There’s a feeling to this country that permeates everything. I think it may have begun as obsequiousness but has evolved into an enduring and endearing respect for others, or at worst an everyday courtesy to others, a level of plain good manners that is rarely seen elsewhere. People are polite, kind, helpful, and honest. I think it’s a familiar trope to say that the Japanese people are “two-faced”; that they will be unfailingly polite to your face but unless you are in the innermost circle you will not see their true personality. No doubt there is an opaqueness, a kind of secrecy, a sense that truly knowing Japan and the Japanese is somehow an impenetrable mystery. Whether this is true or not doesn’t concern me since I am simply a visitor in their country. As a visitor my experience is sweet and delightful. People are unfailingly helpful, and friendly, and concerned for my wellbeing. And I never feared for the safety of my person or my belongings except from other foreigners, never from the Japanese. They are raised with too much respect for others.

There’s a feeling to this country that permeates everything. It’s an overarching energy that holds in place a kind of wisdom that survives despite overcrowding, stifling gender roles, salary-man alcoholism, the roughness of dockworkers and fishermen, economic woes, and government corruption. Japan somehow remains true to itself. The culture has been influenced for hundreds of years by Chinese culture, and more recently by other Asian countries, Europe, and North America, and yet it has found a way to absorb all these influences and yet still be something truly unique.

I fell in love with Japan for this – the unique Japanese culture.
I fell in love with a country that has embraced cuteness like a national hymn to joy. Yes, I know there are other sides to this worship of cuteness – it infantilises young women who still dress in the clothing of childhood for one thing, but can we please also embrace the fun and charm of it. They call it kawaii and it is everywhere.

I fell in love with Japan for the food.
I fell in love with Japan for being one of the most exotic countries I’ve been to and yet it is neat and spotlessly clean and it’s safe to drink the water. It’s an unusual juxtaposition.
I fell in love with Japan for being able to realistically feel safe walking alone after dark, and for knowing my belongings would always be safe.
I fell in love with Japan for the kindness of the people.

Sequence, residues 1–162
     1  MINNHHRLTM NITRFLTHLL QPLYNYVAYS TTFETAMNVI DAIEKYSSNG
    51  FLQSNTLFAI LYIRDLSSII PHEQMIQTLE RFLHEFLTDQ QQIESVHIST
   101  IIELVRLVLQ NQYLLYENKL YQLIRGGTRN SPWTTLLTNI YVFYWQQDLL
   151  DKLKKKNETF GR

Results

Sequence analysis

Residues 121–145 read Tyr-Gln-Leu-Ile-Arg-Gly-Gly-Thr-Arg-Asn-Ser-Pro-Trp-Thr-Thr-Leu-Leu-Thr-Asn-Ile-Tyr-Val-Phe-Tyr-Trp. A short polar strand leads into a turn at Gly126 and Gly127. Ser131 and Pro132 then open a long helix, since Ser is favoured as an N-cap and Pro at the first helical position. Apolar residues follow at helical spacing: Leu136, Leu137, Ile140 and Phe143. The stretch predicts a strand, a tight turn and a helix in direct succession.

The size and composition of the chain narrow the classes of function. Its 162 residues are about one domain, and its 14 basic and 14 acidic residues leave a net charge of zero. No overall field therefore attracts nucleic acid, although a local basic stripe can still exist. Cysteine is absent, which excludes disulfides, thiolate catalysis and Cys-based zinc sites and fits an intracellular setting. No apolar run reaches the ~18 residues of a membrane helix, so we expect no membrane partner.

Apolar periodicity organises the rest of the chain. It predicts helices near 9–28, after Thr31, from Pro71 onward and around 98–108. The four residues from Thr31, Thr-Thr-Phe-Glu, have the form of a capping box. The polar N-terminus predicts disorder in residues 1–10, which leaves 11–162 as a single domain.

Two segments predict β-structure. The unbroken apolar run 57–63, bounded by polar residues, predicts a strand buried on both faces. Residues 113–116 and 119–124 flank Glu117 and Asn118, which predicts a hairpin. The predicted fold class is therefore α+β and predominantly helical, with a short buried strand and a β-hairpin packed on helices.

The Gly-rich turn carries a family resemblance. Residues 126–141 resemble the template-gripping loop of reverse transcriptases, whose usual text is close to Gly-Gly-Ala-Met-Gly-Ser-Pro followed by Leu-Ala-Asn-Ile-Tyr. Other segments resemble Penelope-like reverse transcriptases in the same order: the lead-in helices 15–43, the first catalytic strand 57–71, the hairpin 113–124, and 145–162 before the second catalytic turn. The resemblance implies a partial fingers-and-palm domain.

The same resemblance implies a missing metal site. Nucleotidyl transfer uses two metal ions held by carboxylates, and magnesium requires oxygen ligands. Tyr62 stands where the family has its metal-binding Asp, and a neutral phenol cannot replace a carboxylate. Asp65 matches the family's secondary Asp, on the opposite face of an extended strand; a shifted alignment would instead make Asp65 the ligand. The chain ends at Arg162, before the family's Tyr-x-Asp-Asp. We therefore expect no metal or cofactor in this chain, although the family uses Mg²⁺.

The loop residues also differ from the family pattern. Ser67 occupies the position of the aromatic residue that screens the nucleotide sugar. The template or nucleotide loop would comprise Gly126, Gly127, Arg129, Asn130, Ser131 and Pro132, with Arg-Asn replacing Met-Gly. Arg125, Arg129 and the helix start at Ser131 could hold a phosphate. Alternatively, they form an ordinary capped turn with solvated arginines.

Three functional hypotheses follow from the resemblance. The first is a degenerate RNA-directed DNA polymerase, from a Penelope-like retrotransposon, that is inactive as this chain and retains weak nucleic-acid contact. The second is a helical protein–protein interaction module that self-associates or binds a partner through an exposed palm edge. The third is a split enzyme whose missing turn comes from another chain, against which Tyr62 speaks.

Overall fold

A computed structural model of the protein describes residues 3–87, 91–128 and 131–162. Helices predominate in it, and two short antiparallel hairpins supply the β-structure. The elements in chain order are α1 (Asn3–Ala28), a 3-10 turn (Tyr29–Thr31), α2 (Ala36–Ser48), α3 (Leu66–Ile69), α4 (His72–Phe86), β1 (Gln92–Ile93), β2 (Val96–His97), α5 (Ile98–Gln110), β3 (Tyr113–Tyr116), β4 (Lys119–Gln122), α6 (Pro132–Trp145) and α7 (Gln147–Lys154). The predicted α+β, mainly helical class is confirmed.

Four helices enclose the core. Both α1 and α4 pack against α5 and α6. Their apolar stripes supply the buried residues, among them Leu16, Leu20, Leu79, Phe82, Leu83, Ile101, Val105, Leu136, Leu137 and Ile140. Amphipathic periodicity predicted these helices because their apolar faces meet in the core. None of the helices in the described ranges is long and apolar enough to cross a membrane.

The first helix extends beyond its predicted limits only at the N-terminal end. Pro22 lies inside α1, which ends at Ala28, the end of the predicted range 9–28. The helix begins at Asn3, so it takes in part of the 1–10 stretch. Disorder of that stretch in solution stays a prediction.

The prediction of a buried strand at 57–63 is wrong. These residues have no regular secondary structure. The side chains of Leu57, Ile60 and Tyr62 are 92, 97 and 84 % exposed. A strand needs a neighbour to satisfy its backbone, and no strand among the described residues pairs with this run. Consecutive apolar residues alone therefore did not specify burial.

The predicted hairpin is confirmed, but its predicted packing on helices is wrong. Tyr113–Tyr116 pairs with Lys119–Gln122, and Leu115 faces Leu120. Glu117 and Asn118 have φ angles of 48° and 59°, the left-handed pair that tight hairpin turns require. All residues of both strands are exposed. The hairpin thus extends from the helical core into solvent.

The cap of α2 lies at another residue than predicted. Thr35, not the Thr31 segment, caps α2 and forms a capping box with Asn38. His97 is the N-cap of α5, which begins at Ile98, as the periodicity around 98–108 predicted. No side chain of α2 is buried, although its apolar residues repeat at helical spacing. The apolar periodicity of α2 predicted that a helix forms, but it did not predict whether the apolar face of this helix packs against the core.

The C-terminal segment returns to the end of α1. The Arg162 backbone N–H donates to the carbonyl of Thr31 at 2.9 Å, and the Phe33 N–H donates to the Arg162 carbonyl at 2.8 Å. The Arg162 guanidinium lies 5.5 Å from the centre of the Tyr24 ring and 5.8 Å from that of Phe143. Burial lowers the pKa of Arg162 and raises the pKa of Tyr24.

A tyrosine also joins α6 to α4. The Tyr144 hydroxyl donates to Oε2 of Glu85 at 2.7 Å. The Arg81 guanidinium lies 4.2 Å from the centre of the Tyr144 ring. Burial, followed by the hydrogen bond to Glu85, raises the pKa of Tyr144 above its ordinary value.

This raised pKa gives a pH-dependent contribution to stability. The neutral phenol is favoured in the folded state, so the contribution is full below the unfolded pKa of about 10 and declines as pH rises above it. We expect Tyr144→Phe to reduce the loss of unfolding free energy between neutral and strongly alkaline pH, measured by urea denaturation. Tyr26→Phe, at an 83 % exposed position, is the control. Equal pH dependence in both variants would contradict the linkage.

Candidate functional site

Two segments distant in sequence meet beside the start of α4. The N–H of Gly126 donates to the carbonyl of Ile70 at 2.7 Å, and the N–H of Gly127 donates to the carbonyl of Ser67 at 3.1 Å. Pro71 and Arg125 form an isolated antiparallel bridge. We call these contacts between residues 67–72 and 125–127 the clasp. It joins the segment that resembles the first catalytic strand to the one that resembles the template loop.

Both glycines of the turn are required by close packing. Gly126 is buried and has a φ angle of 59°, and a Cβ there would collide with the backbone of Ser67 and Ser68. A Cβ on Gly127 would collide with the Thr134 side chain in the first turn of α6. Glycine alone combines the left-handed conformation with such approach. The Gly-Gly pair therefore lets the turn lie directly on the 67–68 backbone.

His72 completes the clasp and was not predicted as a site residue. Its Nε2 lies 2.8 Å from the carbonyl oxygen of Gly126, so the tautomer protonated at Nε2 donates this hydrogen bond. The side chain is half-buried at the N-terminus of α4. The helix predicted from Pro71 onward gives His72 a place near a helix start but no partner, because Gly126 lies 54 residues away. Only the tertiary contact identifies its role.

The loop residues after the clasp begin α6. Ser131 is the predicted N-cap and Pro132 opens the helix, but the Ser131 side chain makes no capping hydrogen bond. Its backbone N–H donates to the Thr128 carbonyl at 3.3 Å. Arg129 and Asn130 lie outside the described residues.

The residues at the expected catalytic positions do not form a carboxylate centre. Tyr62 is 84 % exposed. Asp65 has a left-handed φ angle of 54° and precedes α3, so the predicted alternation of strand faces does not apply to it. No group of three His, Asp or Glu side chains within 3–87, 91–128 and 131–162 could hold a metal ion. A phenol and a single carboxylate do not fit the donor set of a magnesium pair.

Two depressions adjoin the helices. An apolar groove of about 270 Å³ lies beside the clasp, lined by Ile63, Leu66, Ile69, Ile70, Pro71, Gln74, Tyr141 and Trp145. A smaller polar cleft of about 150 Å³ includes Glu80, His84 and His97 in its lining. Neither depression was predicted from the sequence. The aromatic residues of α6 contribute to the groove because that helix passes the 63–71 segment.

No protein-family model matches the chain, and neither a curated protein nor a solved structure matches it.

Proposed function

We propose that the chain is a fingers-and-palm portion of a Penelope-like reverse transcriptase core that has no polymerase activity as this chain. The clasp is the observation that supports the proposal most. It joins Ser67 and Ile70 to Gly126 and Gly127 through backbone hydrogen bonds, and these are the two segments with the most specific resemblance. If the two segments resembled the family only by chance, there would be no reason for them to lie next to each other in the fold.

I fell in love with Japan for the festivals ranging from wild and raucous to solemn and reverent.
I fell in love with Japan because of their obvious love of nature.
I fell in love with Japan for the beauty of their gardens.
I fell in love with Japan for their fabulous creativity.
I fell in love with Japan because their striving for perfection has lead to a level of efficiency seen in all aspects of society that is truly mind-boggling.

I started my visit feeling as if Japan was the most foreign country I’d ever been to, and I was completely bewildered by it. After eighteen days I left with nothing more than a strong desire to return and experience more of this unique and wonderful country.

This is the last post about Japan. Here are all the other posts I’ve written about my time there:

Japan: a Revelation

With a Little Help From a Friend; the first day in Tokyo.

Tokyo’s Temples – to Buddha in Asakusa and to shopping in Harajuku

Mt Fuji: the heart of Japan, and spring flower festivals.

Bright Lights, Big City – Tokyo at night

A Kaleidoscope of Perpetual Motion: Fuchu’s Kurayami festival, Tokyo

Ohmygosh Omikoshi! Shinto festivals in Tokyo.

Where time stood still – the Gassho house villages of Shirakawa-gō and Gokayama.

Gardens and Gold in Kanazawa

The Red and the Gold – Kyoto’s Fushimi Inari Shrine and the Golden Pavilion.

Kimonos-Weddings-Geisha: the streets of Kyoto

Japan’s Imperial Heart: walking the streets of Kyoto

The Ordinary and the Extraordinary: Kyoto’s Kitchen and the Hollyhock Festival

What’s my problem?! Arashiyama is touristy but still has much to offer

The Gorgeous Golden Heart and Soul of Nikko: the Tōshō-gū Shrine

In the garden of Kameido Tenjin Shrine, Tokyo.

Next post: Some tales from Beijing. Or maybe something about Rishikesh, India where we are right now.

All words and images by Alison Louise Armstrong unless otherwise noted
© Alison Louise Armstrong and Adventures in Wonderland – a pilgrimage of the heart, 2010-2019.